Saturday, July 3, 2010

Newsflash! I mean, duh.....

The big breast cancer news this week comes from the recent ASCO (American Society of Clinical Oncology) conference.

If, like me, you have been scouring the abstracts from this conference to see if any of it is relevant to you, than by now you may be aware that more than half of all women prescribed Tamoxifen (or aromatase inhibitors such as Arimedex and Femera) discontinue therapy on their own.

My question is:  only half?

Considering the extremely harsh side effects of the drug, I'm shocked that almost 50% finish it.  I have only been taking it for 3 months, and I think, according to the pills left in my bottle, I've skipped about ten days worth. 

When something makes you feel that bad, and you realize at 1:00 p.m. that, oops,  you've forgotten to take your morning pill, it's really easy to say, "Oh well, I'll remember tomorrow"  rather than go run back and take it immediately.   Each morning it's an act of strength and courage to put a pill in your mouth that is going to cause you bone and joint pain, serious discomfort, hot flashes, and prevent you from sleeping.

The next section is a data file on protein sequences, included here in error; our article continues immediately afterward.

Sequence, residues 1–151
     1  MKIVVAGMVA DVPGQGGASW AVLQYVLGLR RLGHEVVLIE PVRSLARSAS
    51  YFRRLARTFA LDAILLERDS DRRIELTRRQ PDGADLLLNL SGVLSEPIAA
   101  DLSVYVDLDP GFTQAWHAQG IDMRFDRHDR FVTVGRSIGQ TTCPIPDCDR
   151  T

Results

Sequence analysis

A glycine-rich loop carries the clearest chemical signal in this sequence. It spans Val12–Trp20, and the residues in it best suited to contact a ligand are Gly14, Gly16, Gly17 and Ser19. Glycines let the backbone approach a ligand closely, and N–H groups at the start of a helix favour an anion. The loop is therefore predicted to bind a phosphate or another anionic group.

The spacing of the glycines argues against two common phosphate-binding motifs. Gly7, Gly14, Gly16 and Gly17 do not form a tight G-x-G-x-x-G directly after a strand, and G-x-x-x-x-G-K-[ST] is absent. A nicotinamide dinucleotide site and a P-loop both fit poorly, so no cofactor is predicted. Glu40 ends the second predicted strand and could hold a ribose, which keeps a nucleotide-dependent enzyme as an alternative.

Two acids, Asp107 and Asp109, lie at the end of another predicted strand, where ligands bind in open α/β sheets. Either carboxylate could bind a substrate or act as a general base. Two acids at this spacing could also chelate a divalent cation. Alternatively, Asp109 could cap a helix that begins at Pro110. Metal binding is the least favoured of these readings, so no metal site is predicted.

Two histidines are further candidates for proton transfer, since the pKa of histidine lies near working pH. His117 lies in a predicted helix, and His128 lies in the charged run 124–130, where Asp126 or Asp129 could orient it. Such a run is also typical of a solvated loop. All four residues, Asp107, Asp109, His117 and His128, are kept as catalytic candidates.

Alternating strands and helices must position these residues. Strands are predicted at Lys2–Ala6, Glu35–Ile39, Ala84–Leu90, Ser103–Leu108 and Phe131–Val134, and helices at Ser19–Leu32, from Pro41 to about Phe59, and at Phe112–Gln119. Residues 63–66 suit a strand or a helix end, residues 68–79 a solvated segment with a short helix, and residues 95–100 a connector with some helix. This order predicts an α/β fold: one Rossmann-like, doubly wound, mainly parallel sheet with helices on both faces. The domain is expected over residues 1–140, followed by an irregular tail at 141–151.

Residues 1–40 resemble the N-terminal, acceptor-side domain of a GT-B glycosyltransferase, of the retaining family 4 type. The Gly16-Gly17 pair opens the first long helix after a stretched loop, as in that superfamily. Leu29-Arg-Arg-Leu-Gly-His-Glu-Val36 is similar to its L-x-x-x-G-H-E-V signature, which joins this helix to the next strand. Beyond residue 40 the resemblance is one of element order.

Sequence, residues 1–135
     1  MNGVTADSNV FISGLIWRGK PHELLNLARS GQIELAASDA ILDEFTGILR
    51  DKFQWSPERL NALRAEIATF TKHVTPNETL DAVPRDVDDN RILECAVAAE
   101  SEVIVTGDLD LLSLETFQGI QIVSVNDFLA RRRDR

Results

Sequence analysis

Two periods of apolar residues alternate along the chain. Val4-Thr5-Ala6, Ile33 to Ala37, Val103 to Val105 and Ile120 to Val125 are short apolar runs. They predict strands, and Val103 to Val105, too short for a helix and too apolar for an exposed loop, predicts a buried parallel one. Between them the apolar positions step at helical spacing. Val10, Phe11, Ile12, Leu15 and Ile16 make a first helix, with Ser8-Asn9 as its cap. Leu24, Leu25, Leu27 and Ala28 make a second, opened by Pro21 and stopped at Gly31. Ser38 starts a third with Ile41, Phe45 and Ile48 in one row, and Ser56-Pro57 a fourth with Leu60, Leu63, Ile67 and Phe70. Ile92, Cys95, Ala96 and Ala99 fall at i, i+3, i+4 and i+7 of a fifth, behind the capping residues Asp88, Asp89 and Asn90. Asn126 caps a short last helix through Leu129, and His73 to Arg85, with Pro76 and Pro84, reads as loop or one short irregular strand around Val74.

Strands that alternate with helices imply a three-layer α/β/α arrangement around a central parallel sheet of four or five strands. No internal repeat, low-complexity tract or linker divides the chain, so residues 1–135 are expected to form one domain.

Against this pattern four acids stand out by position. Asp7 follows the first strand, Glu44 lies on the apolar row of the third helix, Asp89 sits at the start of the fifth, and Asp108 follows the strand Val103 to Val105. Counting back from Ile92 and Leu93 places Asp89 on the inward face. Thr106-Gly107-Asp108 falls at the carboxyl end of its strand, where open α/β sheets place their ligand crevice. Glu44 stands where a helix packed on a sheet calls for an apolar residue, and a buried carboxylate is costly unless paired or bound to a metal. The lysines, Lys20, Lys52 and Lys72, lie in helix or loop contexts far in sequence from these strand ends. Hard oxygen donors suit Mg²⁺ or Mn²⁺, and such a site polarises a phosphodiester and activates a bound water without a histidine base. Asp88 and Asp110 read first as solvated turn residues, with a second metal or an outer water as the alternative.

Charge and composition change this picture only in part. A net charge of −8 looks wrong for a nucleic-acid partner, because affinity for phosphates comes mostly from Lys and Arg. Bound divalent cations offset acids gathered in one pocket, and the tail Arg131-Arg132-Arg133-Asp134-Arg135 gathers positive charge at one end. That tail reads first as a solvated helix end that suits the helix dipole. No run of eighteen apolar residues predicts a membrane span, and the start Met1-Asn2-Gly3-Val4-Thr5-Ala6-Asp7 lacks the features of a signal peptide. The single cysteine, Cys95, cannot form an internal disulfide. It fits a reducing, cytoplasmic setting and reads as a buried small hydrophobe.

It wasn't until I was prescribed percocet that my compliance went up.  I creakily get up in the morning, after a terrible night's sleep, gently sit on a pad so my hips don't hurt, sip some coffee and take my tamoxifen with two percocet.  Then, and only then,  I can begin to function.  But it isn't full-fledged functioning.  I still have a backache and a general bone ache, and I can't stand for long, wear heels or do anything energetic.  But the medicine takes the edge off so I can move.